Bag for Obama
Submitted By Todd on May 23rd at 7:53am
President Obama’s proposal for a new legal system in which terrorism suspects could be held in “prolonged detention” inside the United States without trial would be a departure from the way this country sees itself, as a place where people in the grip of the government either face criminal charges or walk free.If W. was a story of an incompetent war criminal, then is O. to be the story of a thoughtful, professorial war criminal?
Mr. Obama chose to call his proposal “prolonged detention,” which made it sound more reassuring than some of its more familiar names. In some countries, it is called “administrative detention,” a designation with a slightly totalitarian ring. Some of its proponents call it “indefinite detention,” which evokes the Bush administration’s position that Guantánamo detainees could be held until the end of the war on terror — perhaps for the rest of their lives — even if acquitted in war crimes trials.Is the Moveon.Org crowd to be viewed as anything more thoughtful than a Red Sox fan screaming "Yankees Suck?" Are they just hypocrites who nurtured a blaze of anger over the practices of the Bush administration not because they were morally compelled to, but, instead, because they wanted their team to win?
Closing the prison at Guantánamo Bay, Cuba, and holding detainees domestically under a new system of preventive detention would simply “move Guantánamo to a new location and give it a new name,” said Michael Ratner, president of the Center for Constitutional Rights. Defense Secretary Robert M. Gates suggested this month that as many as 100 detainees might be held in the United States under such a system.Will we put the Guantánamo Bay Detention Camp on a barge and relocate it to Boise, leaving the mythology of the "great stain" on our nation's reputation wrongly imprisoned, indefinitely, back in Cuba?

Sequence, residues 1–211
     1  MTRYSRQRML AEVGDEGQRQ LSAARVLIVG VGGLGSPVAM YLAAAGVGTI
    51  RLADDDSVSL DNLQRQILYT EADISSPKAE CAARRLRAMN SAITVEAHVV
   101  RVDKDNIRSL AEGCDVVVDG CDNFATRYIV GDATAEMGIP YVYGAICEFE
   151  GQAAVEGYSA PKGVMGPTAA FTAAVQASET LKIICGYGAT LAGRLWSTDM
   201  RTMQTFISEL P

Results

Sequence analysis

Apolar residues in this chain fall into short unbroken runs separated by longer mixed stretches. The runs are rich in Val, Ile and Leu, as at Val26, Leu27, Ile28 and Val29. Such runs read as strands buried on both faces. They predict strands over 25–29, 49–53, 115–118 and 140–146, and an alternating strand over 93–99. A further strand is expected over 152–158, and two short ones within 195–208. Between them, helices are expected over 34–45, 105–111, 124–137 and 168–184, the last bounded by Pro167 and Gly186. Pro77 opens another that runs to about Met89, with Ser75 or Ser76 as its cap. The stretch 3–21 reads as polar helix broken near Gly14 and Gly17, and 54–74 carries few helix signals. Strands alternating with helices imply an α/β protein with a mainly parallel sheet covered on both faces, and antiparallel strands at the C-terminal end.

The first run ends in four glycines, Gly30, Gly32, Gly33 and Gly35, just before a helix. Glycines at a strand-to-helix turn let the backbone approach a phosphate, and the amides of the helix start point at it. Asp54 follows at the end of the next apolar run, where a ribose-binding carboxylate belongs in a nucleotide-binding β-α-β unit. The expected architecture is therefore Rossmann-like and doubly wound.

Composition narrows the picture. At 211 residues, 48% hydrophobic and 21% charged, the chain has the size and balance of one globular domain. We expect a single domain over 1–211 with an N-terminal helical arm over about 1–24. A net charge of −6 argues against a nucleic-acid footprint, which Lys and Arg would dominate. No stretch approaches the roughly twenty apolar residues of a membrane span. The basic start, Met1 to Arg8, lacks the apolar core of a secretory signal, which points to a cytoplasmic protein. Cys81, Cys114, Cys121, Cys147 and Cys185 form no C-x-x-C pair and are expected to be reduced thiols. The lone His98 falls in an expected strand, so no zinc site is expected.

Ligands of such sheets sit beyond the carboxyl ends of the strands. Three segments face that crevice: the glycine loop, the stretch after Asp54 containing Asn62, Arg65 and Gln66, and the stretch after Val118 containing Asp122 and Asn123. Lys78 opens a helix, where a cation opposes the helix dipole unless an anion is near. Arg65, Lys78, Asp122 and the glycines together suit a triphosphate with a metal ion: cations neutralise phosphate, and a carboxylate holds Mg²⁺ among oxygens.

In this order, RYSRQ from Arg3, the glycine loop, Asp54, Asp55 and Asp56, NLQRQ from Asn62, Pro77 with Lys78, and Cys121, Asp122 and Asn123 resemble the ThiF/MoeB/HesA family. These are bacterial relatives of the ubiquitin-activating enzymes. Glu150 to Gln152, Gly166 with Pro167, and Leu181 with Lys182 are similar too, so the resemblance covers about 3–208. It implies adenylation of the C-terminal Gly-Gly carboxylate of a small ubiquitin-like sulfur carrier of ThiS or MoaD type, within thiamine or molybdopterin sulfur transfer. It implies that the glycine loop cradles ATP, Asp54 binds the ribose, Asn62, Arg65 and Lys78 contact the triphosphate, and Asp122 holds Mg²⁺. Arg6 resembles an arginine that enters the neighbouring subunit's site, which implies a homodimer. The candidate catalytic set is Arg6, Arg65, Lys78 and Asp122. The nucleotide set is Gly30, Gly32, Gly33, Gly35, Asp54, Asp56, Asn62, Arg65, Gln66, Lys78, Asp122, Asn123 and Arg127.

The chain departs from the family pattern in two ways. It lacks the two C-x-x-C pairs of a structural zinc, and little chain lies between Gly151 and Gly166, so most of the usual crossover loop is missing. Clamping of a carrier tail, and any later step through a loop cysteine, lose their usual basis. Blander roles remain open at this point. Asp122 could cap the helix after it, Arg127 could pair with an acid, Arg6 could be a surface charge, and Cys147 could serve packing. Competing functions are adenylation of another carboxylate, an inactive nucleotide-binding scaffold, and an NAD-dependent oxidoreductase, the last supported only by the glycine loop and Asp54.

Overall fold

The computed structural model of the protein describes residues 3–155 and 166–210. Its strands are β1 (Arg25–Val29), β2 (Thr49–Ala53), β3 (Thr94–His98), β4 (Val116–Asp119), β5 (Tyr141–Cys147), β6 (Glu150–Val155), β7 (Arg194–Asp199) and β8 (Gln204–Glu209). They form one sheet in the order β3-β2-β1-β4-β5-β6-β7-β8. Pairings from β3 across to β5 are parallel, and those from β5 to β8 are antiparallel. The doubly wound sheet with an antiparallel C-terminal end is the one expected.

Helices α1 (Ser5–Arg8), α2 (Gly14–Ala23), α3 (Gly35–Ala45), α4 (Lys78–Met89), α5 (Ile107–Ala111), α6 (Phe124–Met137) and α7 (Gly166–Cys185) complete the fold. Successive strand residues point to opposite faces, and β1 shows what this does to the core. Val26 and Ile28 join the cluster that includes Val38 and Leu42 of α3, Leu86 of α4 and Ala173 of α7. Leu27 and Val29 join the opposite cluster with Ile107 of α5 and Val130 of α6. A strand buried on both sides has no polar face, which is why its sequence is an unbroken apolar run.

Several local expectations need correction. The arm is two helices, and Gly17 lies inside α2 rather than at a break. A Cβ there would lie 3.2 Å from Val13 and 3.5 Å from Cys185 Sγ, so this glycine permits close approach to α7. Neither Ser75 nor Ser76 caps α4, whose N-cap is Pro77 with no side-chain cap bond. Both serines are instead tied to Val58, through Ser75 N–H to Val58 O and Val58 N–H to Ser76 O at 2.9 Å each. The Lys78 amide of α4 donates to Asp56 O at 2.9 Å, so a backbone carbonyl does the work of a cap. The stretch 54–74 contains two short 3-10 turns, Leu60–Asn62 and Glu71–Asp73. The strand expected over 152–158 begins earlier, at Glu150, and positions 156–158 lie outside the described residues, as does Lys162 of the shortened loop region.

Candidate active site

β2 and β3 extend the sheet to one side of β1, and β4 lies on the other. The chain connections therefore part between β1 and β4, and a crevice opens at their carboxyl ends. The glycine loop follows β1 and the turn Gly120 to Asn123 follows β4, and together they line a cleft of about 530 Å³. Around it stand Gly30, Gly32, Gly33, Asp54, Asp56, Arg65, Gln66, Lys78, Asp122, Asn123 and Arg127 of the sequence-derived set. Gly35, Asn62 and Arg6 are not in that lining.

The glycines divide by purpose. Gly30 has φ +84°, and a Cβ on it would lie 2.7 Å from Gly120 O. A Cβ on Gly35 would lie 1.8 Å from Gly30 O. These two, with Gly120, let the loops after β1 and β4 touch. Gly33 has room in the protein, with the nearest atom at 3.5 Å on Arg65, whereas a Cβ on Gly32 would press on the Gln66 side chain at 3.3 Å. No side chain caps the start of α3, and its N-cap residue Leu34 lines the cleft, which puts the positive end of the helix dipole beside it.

Other countries, including Israel and India, have had laws allowing indefinite detention of terrorism suspects, said Monica Hakimi, an assistant professor of law at the University of Michigan who has written about the subject. But, she said, few provide for essentially unending detention, and several European countries have restricted preventive detention to days or weeks. Mr. Obama’s proposal, Professor Hakimi said, appears to be “an aggressive approach that is not commonly taken in other Western developed countries.”In an interview on WRKO this week, I asked Madea Benjamin, co-founder of the anti-war women's group Code Pink, what ever happened to the anti-war crowd. While she criticized others in the anti-war movement for folding up shop upon the election of Obama, she also cut him lots of slack - saying her group will give him time, perhaps another year, before labelling the President a War Criminal. You can hear the interview here.
In a letter to the president on Friday, Senator Russ Feingold, Democrat of Wisconsin, said he was not sure Mr. Obama’s idea would prove constitutional, and added that “such detention is a hallmark of abusive systems that we have historically criticized around the world.”Madea said there are two kinds of anti-war groups - those who are against the war, and those who are against the war as a way to propel their candidate into office.
“If they cannot be convicted, then you release them,” said Jameel Jaffer, a lawyer at the American Civil Liberties Union. “That’s what it means to have a justice system.”Which is another way of admitting that the daily pounding of the Bush Administration was a ruse, based on a faux moral revulsion over 43's policies.